Friday, 29 May 2015

Theatre review: Sunspots

Family drama mixes with romantic comedy in the latest play Downstairs at Hampstead, and the best show in either of the venue's theatres in some time. In David Lewis' Sunspots Catholic siblings, lapsed to varying degrees, are reunited after their father's death. Clare (Clare Burt) never moved more than a few blocks away from her parents but eldest brother Joe (Robert Hands) has lived in California for the last couple of decades. Having struggled with his sexuality well into his thirties, he finally came out to his mother, but now that Olive (Gwen Taylor) has mild dementia he finds he has to come out to her again on an almost daily basis. Joe keeps muttering about returning to America, but youngest brother Tom (Laurence Mitchell) doesn't have as many options: Having lost the latest in a long line of jobs, he's had to move back in with his mother, settling into the attic room where his amateur astronomer father kept his telescope.

Tom's not using it to watch the skies though when he makes a discovery: Watching a woman sunbathing topless on her roof, he spots what he thinks could be a cancerous mole on her back. Engineering a meeting at the swimming pool so he can tell her about it, Lola (Charlotte Emmerson) soon becomes a part of his life, unaware of how he first saw her.


So you could call Sunspots a textbook romantic comedy, down to the genre's worrying tendency to put creepy, stalkerish behaviour at the heart of the love story - it does turn out there were innocent reasons for Tom first turning his telescope on Lola's house, but it doesn't change the fact he continues to spy on it, constructing a fake persona he thinks she'll like, based on the books on her shelves. But if you can forgive this running theme of rom-coms in general, Lewis' play turns out to be a very strong example of the genre.


Charlotte Gwinner's production is certainly happy to concentrate on the more oafishly charming side of Mitchel's Tom, and there's some lovely moments of awkward comedy as he tries to impress the seemingly bohemian Lola, like his brag of having had sex with two people at once - "Oh, I was counting myself as one of the people." But the family story contributes just as many good moments, as the reunion of the two older siblings opens up long-forgotten tensions. The recurring theme of Joe being their mother's favourite culminates in an unlikely but great gag involving a knife and a banana.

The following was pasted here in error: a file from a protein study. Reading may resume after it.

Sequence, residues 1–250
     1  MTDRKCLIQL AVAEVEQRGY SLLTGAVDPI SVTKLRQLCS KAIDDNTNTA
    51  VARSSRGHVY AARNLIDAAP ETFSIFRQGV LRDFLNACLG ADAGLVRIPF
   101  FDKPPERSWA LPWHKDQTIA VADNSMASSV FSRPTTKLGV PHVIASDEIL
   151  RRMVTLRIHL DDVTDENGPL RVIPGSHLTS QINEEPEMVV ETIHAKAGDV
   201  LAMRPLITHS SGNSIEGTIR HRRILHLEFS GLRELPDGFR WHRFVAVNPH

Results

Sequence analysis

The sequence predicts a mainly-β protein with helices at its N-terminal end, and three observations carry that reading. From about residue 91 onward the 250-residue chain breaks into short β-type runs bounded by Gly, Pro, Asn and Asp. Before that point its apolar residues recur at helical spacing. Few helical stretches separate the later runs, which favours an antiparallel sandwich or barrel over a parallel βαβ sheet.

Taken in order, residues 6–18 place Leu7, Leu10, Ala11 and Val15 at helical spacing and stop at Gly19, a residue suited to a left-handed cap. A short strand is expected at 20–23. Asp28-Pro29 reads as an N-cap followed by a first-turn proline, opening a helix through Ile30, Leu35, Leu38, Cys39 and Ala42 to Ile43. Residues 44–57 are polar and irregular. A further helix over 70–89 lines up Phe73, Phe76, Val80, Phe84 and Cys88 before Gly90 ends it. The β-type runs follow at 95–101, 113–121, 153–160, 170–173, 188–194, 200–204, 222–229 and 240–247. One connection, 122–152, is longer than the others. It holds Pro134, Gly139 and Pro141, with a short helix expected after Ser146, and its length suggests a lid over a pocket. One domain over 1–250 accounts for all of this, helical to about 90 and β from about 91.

The presence of an urn of ashes together with a running joke about hoovering does telegraph one second-act development somewhat, but what's less predictable is where Lewis takes the plot when quirky romance and family history collide: A rather major obstacle turns up between the couple, with even more convoluted twists needed to solve it and bring about a happy ever after. Sunspots is a classic rom-com with all the pros and cons of the genre, but more of the pros; plus some added moving moments looking at loss of faith, and whether or not something needs to replace it. Don't be surprised if this one returns to the bigger stage Upstairs (with the cast turfed out and replaced with slightly more famous faces.)

Sunspots by David Lewis is booking until the 20th of June at Hampstead Theatre Downstairs.

Running time: 2 hours including interval.

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